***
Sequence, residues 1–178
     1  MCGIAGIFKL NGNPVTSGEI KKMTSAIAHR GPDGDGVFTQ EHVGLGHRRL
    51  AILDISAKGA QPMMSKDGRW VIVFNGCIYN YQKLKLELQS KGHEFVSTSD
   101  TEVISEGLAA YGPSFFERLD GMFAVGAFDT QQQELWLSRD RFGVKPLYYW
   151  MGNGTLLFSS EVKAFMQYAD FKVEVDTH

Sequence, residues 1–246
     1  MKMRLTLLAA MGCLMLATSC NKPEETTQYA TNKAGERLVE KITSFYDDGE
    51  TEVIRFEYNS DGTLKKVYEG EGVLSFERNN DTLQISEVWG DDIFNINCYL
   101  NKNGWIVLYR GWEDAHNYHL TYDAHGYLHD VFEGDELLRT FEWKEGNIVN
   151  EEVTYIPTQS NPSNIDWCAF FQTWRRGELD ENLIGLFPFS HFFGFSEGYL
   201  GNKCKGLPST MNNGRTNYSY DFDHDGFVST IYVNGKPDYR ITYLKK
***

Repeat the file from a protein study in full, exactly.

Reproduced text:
Sequence, residues 1–178
     1  MCGIAGIFKL NGNPVTSGEI KKMTSAIAHR GPDGDGVFTQ EHVGLGHRRL
    51  AILDISAKGA QPMMSKDGRW VIVFNGCIYN YQKLKLELQS KGHEFVSTSD
   101  TEVISEGLAA YGPSFFERLD GMFAVGAFDT QQQELWLSRD RFGVKPLYYW
   151  MGNGTLLFSS EVKAFMQYAD FKVEVDTH

Sequence, residues 1–246
     1  MKMRLTLLAA MGCLMLATSC NKPEETTQYA TNKAGERLVE KITSFYDDGE
    51  TEVIRFEYNS DGTLKKVYEG EGVLSFERNN DTLQISEVWG DDIFNINCYL
   101  NKNGWIVLYR GWEDAHNYHL TYDAHGYLHD VFEGDELLRT FEWKEGNIVN
   151  EEVTYIPTQS NPSNIDWCAF FQTWRRGELD ENLIGLFPFS HFFGFSEGYL
   201  GNKCKGLPST MNNGRTNYSY DFDHDGFVST IYVNGKPDYR ITYLKK